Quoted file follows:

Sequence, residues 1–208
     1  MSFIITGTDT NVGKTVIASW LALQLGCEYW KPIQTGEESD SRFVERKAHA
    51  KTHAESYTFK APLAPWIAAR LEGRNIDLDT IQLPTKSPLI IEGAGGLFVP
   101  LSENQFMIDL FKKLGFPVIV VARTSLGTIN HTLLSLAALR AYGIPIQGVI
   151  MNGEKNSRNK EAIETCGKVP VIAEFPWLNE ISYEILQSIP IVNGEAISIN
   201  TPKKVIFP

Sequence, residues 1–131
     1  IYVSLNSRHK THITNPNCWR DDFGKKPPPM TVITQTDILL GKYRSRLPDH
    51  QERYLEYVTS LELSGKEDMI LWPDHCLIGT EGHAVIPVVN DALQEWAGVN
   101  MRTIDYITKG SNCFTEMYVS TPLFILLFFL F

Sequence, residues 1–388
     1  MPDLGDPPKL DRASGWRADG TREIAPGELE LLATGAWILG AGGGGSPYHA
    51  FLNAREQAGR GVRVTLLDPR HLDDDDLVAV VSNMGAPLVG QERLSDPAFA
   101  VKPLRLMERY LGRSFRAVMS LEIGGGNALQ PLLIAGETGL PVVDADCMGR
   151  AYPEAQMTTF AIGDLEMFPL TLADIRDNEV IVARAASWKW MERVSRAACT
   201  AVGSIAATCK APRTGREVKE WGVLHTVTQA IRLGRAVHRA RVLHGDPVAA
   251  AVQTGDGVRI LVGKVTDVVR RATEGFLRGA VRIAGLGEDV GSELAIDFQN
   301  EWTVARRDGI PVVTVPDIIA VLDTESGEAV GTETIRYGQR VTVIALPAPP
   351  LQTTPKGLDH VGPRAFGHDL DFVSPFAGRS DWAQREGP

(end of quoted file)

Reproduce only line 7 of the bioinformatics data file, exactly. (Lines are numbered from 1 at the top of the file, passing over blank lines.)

Sequence, residues 1–131